Visiting ringers are welcome at St Paul’s.

In 1874 the tower received a ring of eight bells at a cost of, £1050 cast by Taylors of Loughborough to the specifications of Sir Edmund Beckett QC, later Lord Grimthorpe. The tenor (in F) weighs 25 cwt, 3 qrs, 21 lbs. The first peal in 1876 was Grandsire and this was followed regularly by Double Norwich, Stedman, Superlative, London and Cambridge.

The church was consecrated in 1874 with Rev James H Fish as Vicar. He helped to form the Midland Counties Association and was its first president. He also formed St Paul’s Society of change ringers. The first peal on the bells was Grandsire Triples in 1879 conducted by W Wakley. The Vicar’s first peal was 5024 Kent Treble Bob, rung half-muffled on the occasion of the funeral of Archbishop Tait in 1882. His 18 peals included 6720 Superlative and the first ever peal of Stedman Triples rung by a band composed entirely of clergymen. Double Norwich, New Cumberland, Superlative, Cambridge, Stedman, Grandsire and Dutfield were regularly recorded. The sudden death of the Vicar in his 41st year was a great loss to the church, Association and Society, this coming at a time when his band was poised for the highest achievement of those days, a peal of London Surprise. However it came less than six months after his death and was the fourth ever of London to be rung.

Names which readily spring to mind are W Wakley, Albert P Wakley, A Wakley, H Wakley, W C Wakley, E L Stone, J Jagger, J Griffin, H Bastable, J W Washbrook, H Dains, F E Dawe, G Robinson, C H Hattersley, N J Pitstow and A P Haywood. The Rev F E Robinson practises his Superlative at Bennington and came to St Paul’s to ring his first peal in that queen of methods which was the ninth of Superlative ever to be rung. Three peals of Superlative on consecutive days in 1885 were the 20th, 21st and 22nd ever rung in that method. A silent peal of Stedman triples is recorded in 1886, each ringer having previously called a peal with the same figures. Miss Edith K Parker called Superlative here in 1911 and was the first and only lady to conduct a peal on the original ring of eight.

The last peal on the bells before recasting was Stedman Triples. It was also the 220th. The new ring of eight, 28-2~9 in D flat (1912), had as first peals Stedman triples, these two peals being Pitstow’s variation of Thurstans’ Four part.

As time went on it was suggested that this ring was ‘unmusical’, and after two hundred and twenty peals had been recorded, recasting with a new tenor (in D flat, of 28 cwts 2 qrs, 9 lbs) took place in 1912. Appeals were launched early in 1914 for £240 to add four small bells to make a ring of twelve. The fund was slow to accumulate and when war broke out later that year the money was invested in War Loans. After the Armistice further appeals were made, and two new trebles were added in 1922. One was the gift of W W Worthington Esq, and the other provided by parishioners and friends in memory of those who had given their lives. This ring of ten bells has continued in use to the present day, and the tower has a total of three hundred and eighty two peals recorded [in 1974].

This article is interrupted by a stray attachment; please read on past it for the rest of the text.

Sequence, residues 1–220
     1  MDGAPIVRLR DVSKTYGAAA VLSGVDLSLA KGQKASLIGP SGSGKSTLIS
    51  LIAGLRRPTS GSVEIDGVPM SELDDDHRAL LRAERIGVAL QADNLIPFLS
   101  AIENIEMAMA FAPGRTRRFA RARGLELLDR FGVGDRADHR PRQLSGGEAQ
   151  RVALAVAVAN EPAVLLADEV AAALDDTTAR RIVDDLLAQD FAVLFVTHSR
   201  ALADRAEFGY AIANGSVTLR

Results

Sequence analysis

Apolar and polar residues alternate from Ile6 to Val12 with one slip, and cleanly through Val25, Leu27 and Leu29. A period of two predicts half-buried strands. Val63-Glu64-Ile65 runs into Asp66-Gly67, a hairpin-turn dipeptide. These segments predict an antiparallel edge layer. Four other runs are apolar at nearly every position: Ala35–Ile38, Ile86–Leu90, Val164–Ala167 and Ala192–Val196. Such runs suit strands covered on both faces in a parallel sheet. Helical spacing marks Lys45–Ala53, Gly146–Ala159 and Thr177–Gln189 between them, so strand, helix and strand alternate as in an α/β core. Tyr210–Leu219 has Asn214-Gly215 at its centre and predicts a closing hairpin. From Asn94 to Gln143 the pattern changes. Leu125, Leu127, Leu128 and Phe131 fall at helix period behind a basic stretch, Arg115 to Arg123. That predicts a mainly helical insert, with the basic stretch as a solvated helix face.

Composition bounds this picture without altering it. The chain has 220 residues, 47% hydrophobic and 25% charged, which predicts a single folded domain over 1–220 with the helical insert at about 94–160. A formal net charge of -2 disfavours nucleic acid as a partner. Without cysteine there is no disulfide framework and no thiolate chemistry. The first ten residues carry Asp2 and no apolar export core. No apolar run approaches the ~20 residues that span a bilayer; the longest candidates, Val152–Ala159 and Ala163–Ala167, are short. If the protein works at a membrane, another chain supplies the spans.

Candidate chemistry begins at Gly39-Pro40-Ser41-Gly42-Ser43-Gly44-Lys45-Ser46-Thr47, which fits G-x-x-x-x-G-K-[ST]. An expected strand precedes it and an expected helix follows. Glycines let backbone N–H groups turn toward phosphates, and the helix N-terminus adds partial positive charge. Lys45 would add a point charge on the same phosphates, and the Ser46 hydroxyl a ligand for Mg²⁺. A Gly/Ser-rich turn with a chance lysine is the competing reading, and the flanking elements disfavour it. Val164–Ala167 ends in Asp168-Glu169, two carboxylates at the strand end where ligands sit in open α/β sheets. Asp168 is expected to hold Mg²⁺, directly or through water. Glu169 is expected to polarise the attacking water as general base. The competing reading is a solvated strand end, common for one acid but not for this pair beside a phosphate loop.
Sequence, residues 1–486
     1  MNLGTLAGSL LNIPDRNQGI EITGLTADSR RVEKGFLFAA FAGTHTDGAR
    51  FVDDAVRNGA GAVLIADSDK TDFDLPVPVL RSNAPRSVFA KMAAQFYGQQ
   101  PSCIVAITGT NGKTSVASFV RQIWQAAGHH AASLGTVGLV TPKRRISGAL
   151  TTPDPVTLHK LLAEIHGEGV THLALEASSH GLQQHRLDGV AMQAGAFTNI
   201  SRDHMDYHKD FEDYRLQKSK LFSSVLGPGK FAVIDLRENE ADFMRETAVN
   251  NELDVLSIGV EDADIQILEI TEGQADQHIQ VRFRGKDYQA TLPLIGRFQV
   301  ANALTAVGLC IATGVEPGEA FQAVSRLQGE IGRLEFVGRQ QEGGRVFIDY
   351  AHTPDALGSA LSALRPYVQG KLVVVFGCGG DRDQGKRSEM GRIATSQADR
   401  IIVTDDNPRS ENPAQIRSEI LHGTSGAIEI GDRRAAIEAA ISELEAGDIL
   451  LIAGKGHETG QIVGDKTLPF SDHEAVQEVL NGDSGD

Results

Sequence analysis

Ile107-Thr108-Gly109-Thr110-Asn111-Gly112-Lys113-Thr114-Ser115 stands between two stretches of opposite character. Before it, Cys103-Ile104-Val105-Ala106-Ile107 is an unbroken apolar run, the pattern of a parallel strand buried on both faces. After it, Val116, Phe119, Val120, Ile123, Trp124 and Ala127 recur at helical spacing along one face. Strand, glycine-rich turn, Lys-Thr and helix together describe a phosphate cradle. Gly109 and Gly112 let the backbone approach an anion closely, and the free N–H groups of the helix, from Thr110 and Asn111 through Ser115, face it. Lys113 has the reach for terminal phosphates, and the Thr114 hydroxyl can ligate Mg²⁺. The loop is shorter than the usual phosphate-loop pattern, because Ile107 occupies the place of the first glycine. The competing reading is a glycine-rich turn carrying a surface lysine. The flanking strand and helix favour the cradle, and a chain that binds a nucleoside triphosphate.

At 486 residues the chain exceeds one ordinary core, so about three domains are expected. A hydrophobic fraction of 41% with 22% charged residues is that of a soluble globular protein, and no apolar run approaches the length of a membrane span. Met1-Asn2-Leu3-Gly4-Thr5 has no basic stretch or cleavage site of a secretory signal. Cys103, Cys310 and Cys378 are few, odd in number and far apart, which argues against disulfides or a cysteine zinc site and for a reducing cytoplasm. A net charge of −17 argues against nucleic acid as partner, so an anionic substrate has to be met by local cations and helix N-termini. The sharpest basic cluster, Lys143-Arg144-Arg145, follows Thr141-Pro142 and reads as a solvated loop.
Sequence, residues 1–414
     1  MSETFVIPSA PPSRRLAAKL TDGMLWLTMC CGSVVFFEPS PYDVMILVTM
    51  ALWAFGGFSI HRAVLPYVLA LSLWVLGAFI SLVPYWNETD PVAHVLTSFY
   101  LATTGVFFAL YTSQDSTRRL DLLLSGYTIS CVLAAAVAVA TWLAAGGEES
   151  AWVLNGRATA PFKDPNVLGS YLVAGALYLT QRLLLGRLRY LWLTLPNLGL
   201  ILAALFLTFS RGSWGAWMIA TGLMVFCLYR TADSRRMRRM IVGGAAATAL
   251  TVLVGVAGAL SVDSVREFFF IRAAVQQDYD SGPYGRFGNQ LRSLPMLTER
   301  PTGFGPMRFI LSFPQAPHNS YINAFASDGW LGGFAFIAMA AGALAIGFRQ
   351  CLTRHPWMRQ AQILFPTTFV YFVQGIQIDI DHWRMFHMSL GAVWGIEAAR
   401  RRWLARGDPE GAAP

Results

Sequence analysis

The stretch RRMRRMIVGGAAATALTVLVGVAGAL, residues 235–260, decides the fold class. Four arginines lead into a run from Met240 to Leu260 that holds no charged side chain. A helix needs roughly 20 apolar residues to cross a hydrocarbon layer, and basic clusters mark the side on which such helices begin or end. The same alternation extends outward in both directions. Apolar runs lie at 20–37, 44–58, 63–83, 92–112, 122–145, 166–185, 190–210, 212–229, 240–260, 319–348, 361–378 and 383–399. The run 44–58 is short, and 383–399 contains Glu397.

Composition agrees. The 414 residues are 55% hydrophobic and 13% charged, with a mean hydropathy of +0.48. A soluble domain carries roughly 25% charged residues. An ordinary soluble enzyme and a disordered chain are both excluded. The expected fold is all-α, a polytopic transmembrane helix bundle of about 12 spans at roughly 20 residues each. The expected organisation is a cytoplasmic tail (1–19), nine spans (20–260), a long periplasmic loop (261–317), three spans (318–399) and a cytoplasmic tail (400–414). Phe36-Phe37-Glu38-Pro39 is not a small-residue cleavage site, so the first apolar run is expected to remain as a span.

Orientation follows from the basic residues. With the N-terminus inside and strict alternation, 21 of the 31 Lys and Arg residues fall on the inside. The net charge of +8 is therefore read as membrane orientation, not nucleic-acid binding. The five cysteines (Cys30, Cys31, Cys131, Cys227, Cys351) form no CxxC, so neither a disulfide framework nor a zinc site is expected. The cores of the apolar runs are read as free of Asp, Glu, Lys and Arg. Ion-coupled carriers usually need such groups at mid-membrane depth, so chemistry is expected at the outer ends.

The Great War of 1914-1918 took Coy Sgt Major H Wakley, Sgt R C Stone and Sgt A P Wakley, who between them had rung 343 peals. With ringing restricted during hostilities and armed forces commitments the band became sadly depleted. However in 1920 two trebles were added, No 1 by W W Worthington Esq., and No 2 by the parishioners, in memory of those who fell in the Great War. The first peal on the ten bells was Stedman Caters.

Around 1925 the ‘Wednesday’ band with Maurice Swinfield as conductor continued with Stedman and some years later the tally was over 230 different callings. R H Dove learned to handle a bell at St Paul’s about this time; scoring his first peal in 1926 at a nearby tower. In the 1930s James George of Birmingham rang the tenor on his 80th birthday to 1201st peal. The year 1945-saw B G Key a lively ringer and conductor at St Paul’s. After the ringing ban of 1940 was lifted a peal of Cambridge Royal was rung by a visiting band. Mrs D T Gardiner conducted Grandsire caters (her farewell peal in 1955 and Miss J: Toon conducted Grandsire, doubles (also her farewell peal) in 1964 and Miss E K Parker Superlative 1971. They appear to be the only three ladies to have called peal here.

Ringing locally before 1874 was very popular as the ‘Society of Change Ringers at Burton’ were subscribers to Clavis Campanologia 1778. Although 366 peals have now [1968] been rung in the tower, attempts are somewhat restricted to three or four per year, quarters being frequently rung. 

bells_leaflet_2023_a5, PDF